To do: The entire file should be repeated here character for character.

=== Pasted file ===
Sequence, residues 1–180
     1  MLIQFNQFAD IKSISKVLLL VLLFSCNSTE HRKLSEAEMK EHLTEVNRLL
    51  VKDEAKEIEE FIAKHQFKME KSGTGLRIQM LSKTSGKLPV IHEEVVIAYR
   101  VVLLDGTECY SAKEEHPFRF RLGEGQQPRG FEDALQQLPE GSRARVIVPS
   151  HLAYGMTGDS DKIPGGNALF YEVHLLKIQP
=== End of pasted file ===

Sequence, residues 1–180
     1  MLIQFNQFAD IKSISKVLLL VLLFSCNSTE HRKLSEAEMK EHLTEVNRLL
    51  VKDEAKEIEE FIAKHQFKME KSGTGLRIQM LSKTSGKLPV IHEEVVIAYR
   101  VVLLDGTECY SAKEEHPFRF RLGEGQQPRG FEDALQQLPE GSRARVIVPS
   151  HLAYGMTGDS DKIPGGNALF YEVHLLKIQP